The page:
Sunset Hills commission members express support for keeping Court Drive area residential

Public hearing on draft plan likely in March

An aerial rendering of what the Court Drive and Lindbergh intersection could look like developed, from developer Dr. George Despotis.

An aerial rendering of what the Court Drive and Lindbergh intersection could look like developed, from developer Dr. George Despotis.

By Mike Anthony

Members of the Sunset Hills Planning and Zoning Commission last week expressed their support for keeping the Court Drive area residential during a review of a draft of the city’s new comprehensive plan.

On Dec. 3, commission members continued their review of the draft comprehensive plan, which was unveiled by representatives of Houseal Lavigne Associates of Chicago during an Oct. 14 work session of the commission that was attended by Mayor Mark Furrer and members of the Board of Aldermen.

Commission members reviewed the first five chapters of the draft plan in November. Last week, they focused on the sixth chapter, which encompasses three subareas — Watson Road and Lindbergh Boulevard, Gravois Road and Lindbergh Boulevard and Gravois Road and Interstate 270.

Included in the subareas are proposed “opportunity sites,” including the Court Drive area that was ravaged by a category EF3 tornado with winds near 150 mph that ripped through the city on Dec. 31, 2010.

In the draft comprehensive plan, Houseal Lavigne proposes that the best use for the tornado-damaged properties is commercial — a recommendation supported by Furrer.

The property is currently zoned R-2 residential and the city’s current comprehensive plan, drafted in 1999, calls only for residential uses at the site.

Besides Court Drive, the site includes “an existing auto service business to the north,” the draft plan states.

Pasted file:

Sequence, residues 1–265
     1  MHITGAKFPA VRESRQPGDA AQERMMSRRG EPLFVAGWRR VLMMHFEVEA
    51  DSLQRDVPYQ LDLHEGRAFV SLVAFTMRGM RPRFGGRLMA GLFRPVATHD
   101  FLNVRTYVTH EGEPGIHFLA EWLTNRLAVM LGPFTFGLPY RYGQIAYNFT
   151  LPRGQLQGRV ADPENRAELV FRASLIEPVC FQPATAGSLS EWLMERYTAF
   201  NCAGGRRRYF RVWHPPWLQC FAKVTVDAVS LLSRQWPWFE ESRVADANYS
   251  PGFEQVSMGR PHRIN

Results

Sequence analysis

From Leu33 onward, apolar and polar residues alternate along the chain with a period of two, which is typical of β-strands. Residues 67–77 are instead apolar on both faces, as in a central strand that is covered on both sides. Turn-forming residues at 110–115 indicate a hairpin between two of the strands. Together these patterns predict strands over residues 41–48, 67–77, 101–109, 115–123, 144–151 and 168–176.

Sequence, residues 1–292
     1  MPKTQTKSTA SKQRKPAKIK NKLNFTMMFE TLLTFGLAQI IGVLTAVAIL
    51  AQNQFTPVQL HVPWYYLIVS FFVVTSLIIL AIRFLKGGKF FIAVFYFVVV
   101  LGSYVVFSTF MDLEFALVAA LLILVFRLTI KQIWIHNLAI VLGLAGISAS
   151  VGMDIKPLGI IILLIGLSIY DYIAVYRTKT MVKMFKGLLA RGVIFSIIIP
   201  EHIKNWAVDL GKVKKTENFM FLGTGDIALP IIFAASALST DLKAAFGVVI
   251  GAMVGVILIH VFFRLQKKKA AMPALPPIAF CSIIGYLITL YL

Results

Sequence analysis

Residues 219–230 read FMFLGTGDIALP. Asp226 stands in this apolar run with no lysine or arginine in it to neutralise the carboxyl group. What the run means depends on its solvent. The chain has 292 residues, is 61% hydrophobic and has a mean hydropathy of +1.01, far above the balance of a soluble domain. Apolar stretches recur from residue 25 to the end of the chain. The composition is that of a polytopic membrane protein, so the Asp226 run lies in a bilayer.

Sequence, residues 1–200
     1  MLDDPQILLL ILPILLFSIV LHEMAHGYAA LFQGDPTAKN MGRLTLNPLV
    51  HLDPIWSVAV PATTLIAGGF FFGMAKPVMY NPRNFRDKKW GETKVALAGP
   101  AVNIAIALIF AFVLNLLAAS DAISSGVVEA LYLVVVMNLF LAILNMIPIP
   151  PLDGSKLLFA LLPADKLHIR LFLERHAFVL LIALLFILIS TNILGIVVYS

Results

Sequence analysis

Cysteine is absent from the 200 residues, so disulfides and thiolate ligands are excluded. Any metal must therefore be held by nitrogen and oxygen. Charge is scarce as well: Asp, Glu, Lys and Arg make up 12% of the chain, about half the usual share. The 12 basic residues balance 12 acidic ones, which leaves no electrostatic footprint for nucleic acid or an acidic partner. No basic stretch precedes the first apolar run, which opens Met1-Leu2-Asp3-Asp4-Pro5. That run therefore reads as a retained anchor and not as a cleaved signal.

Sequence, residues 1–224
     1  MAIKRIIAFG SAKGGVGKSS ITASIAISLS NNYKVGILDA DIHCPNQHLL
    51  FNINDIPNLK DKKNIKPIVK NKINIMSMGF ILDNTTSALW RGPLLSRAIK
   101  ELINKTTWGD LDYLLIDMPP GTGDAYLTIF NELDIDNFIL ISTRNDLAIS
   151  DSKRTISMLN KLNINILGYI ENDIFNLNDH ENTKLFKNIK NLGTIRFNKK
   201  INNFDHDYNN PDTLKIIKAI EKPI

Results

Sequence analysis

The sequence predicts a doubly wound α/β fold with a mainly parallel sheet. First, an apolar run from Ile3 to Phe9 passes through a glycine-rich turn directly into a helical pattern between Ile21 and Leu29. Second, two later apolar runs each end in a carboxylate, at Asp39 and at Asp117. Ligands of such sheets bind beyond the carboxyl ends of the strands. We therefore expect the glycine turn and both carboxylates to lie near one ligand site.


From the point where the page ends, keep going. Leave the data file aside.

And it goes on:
“These properties can be assembled and Court Drive realigned to connect south to Old West Watson Road. This will result in a larger development site and eliminate any commercial traffic on residential streets,” the draft states. “The resulting site could accommodate retail and service uses that benefit Sunset Hills residents and minimize impacts on surrounding neighborhoods.

“Appropriate uses may include a grocery store or small neighborhood-oriented shopping center …”

But city officials previously have rejected a commercial designation for the Court Drive area.

In 2011, then-Mayor Bill Nolan established a task force after the Planning and Zoning Commission voted that June to reject an amendment to change the comprehensive plan to provide for commercial and attached-unit residential uses of the area.

The Residential Recovery Task Force was charged with studying the residential development of Court Drive and West Watson Road. After a series of meetings, task force members voted unanimously to recommend the Planning and Zoning Commission vote to amend the city’s comprehensive master plan to allow for both single-family residences and attached housing on Court Drive and West Watson Road.

In November 2011, the Planning and Zoning Commission voted unanimously to accept the task force’s recommendation, rejecting two proposals for the area that involved commercial uses.

During their discussion last week, several commission members cited the work of the task force and the subsequent vote of the Planning and Zoning Commission to accept the panel’s recommendation.